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IN Health & Fitness ON 13 Dec, 2015
I wear glasses, so of course I've been told that reading in the dark is bad for me. Same thing with watching television shows too closely to the screen. But which ones are fact, and which ones are actually myths? This is a helpful guide to see what is actually good for your eyes, and which ones are just plain wrong. Spoiler: yes, you can still do that cross-eyed look because it doesn't damage your eyes at all. Read more about the myths below.
While reading in the dark might give you a headache, it won't give you any permanent damage at all. While it's true that a long-term study still hasn't fully debunked the claim, it's safe for now if you still read in the dark.
If you lived back during the days of the very first TVs, yes you shouldn't watch too close to the TV because the first television sets actually emitted x-rays. But the current ones, even the ones from a decade ago, already have protective mechanisms built in, making them completely safe. Just like reading in the dark, it might only give you a temporary headache.
Actually, our bodies only need a little amount of vitamin A, which, while those are found in carrot, they can also be had by having milk or cheese. Sorry, carrots don't have a monopoly when it comes to eye health.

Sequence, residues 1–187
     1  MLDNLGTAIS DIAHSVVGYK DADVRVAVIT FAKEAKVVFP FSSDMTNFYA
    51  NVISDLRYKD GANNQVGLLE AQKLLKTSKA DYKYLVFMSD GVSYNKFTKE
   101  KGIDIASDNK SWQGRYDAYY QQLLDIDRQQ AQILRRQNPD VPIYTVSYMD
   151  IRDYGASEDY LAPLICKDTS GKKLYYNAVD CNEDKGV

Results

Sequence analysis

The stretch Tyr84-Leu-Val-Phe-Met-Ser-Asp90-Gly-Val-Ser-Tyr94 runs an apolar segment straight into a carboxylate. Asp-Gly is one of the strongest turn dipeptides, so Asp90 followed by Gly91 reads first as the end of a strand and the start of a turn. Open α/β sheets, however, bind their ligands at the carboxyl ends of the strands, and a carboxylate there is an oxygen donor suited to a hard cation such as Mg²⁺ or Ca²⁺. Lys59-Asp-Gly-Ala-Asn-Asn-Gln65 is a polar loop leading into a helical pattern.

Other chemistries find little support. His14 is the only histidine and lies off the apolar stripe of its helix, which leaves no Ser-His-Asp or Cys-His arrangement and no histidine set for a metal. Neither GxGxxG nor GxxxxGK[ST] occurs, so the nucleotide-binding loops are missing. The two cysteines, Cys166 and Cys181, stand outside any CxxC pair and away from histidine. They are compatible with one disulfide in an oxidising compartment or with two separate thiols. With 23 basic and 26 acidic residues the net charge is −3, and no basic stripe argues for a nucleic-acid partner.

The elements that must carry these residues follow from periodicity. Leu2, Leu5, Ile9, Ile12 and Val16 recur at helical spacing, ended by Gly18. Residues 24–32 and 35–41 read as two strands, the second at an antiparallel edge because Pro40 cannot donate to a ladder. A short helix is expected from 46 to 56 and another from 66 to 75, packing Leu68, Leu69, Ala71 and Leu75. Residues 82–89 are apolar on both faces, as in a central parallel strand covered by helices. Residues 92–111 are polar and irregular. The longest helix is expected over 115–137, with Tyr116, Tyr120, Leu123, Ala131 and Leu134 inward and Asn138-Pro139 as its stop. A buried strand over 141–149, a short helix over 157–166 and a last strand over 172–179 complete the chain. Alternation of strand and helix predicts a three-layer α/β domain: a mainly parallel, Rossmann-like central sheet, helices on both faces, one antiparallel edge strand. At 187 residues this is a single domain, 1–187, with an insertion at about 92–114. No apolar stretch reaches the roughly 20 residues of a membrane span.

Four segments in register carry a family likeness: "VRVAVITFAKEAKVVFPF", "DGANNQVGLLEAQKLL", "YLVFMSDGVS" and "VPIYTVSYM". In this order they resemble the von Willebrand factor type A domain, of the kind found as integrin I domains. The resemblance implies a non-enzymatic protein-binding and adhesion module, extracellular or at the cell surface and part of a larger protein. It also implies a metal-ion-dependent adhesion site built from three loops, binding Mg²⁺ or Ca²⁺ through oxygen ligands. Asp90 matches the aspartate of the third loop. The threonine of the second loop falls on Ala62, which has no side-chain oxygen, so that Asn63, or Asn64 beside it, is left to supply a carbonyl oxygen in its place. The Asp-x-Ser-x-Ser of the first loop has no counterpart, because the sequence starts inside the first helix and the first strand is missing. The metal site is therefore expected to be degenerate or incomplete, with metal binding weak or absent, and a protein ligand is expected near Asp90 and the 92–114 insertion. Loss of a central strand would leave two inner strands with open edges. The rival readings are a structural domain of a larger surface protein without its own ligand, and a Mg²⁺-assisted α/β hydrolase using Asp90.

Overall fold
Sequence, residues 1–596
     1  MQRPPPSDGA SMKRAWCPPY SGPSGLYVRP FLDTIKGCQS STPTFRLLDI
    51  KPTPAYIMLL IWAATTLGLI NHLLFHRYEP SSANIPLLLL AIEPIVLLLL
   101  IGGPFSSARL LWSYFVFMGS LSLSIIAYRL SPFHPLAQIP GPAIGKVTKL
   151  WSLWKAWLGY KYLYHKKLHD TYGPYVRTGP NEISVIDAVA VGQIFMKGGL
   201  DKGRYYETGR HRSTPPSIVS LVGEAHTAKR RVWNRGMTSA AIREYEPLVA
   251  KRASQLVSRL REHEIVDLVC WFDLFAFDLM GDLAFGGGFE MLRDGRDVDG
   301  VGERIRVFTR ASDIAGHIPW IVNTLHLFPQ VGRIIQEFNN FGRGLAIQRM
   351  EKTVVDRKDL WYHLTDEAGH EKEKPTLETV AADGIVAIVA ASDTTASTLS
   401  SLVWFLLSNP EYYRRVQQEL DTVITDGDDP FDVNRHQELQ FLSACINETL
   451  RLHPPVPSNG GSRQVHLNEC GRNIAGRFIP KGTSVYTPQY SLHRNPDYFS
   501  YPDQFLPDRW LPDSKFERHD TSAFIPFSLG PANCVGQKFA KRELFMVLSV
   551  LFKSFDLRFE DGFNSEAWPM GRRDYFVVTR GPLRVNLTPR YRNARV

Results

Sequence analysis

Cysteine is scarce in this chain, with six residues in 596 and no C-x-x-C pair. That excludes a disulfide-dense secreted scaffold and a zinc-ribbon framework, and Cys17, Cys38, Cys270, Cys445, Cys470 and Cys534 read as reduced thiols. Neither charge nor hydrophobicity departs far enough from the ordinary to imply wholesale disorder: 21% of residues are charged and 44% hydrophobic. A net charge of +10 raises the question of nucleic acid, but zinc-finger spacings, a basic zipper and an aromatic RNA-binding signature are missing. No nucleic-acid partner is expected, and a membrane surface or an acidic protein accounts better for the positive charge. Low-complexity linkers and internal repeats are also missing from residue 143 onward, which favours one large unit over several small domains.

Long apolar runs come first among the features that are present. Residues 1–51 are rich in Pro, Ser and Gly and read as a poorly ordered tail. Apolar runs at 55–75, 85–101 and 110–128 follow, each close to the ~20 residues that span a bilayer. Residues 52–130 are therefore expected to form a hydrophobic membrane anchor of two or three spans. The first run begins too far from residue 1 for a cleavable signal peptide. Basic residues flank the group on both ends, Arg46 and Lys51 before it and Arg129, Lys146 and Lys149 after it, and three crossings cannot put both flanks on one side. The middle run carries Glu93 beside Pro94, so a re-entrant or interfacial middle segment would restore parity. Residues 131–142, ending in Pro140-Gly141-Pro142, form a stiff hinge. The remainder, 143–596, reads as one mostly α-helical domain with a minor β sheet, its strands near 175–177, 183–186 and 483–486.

People often say that you shouldn't wear glasses or contacts since they would just make your vision worse, but the truth is that poor vision is caused by aging, i.e. it's because people get old, not because of the glasses and contacts.
If you like doing a cross-eyed trick, that's perfectly okay because the muscles used are the same you use every time you look from any direction.
Parents might think that the lazy eye of a baby will eventually be removed naturally, but that condition after four months could already require medical help.
While surgery can indeed still protect the remaining optic nerves of your eyes, those that have been already destroyed can never be constructed again through any present medical help.
Our eyes and eyelids are actually connected by a lining called the conjunctive, so you're either bluffing or the contacts are just near your eyelids.